On December 4, 2015, we reported on the preliminary approval granted in the Target data breach settlement. This past week, U.S. District Judge Paul A. Magnuson gave official approval to the deal. Target will pay $39.3 million to a group of financial institutions as a consequence of its massive 2013 data breach, where hackers gained access to Target’s network and the financial information of approximately 40 million customers. The settlement applies to all U.S. financial institutions that issued payment cards identified as at risk as a result of the breach and that have not previously released their claims through a separate deal with Visa Inc. and MasterCard Inc. Under the previously reached $67 million agreement with Target, nearly 75% of Visa issuers accepted settlement in exchange for full release of their claims.
Under the deal with the financial institutions, Target will pay up to $20.25 million directly to class members and $19.1 million to fund MasterCard’s Account Data Compromise program. Judge Magnuson approved attorneys’ fees of $17.8 million and expenses of $2.1 million. The judge cited to the complexity of the claims and the expense of further litigation as reasons for approving the settlement.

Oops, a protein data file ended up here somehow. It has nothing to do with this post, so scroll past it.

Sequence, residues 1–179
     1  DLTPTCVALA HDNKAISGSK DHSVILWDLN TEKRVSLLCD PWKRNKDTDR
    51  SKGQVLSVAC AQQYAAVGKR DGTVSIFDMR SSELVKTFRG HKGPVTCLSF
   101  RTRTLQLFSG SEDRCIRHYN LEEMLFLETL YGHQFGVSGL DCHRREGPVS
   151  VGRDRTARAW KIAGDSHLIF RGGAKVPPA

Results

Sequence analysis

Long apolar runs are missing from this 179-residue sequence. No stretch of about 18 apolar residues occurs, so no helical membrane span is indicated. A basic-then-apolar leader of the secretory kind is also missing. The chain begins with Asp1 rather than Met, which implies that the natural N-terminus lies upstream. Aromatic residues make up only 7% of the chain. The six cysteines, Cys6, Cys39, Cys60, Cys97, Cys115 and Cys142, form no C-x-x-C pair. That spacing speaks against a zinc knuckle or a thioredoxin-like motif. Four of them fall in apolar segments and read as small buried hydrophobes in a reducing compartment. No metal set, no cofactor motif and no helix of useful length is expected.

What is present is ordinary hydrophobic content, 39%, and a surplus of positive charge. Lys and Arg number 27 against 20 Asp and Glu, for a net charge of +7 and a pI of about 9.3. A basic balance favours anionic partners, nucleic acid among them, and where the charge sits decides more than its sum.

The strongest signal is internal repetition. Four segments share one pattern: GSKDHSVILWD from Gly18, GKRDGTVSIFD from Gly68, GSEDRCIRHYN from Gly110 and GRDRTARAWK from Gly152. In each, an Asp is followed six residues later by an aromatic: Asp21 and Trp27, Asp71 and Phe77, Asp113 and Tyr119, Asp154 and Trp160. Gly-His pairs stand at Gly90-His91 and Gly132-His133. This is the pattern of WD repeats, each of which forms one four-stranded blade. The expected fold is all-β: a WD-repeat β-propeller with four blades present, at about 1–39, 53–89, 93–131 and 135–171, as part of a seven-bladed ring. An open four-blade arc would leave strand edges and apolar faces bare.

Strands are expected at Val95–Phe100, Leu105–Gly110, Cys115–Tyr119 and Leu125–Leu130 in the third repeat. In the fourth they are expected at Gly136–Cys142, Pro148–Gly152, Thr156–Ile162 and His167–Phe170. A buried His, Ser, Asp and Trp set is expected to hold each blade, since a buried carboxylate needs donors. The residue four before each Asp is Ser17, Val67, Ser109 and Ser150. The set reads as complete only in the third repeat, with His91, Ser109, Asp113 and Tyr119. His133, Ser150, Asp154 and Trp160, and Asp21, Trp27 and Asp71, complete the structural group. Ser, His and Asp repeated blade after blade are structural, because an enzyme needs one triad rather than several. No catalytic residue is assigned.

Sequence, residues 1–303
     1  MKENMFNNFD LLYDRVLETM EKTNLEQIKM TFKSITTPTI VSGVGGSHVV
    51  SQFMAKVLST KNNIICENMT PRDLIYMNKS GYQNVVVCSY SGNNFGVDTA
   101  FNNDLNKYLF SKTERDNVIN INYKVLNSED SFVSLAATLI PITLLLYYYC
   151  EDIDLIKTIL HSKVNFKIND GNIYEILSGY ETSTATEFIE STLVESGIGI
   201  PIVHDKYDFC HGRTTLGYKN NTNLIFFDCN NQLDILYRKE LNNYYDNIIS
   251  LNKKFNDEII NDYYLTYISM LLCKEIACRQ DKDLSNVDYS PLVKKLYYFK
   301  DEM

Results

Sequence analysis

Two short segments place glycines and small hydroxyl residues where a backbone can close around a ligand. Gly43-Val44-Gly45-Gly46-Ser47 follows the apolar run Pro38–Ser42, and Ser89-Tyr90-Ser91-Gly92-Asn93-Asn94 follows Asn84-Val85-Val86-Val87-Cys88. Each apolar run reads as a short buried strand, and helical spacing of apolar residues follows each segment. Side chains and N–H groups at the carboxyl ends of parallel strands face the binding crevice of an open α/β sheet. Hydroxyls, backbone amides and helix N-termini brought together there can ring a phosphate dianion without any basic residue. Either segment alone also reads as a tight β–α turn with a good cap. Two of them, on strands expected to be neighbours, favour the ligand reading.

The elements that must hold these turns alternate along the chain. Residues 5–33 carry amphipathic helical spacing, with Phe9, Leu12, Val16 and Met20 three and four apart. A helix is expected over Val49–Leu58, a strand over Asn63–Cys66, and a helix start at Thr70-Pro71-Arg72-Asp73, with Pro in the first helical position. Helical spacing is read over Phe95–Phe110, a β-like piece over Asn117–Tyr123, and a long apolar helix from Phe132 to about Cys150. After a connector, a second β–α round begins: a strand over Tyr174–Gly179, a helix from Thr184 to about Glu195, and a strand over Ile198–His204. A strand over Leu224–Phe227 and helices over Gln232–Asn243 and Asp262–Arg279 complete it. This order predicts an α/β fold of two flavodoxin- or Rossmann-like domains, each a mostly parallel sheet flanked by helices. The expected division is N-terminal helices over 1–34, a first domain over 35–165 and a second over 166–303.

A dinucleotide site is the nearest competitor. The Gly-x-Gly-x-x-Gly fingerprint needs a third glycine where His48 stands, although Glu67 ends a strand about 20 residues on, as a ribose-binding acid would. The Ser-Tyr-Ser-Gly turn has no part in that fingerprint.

Forty-five financial institutions opted out of the settlement, controlling 1.6 percent of the affected accounts. However, of the 2,212 financial institutions with potentially affected members, 67 percent filed for the compensation from the settlement fund. This case is bound to impact further data breach litigation.
The case is In re: Target Corporation Customer Data Security Breach Litigation, U.S. District Court, District of Minnesota, No. 14-md-02522.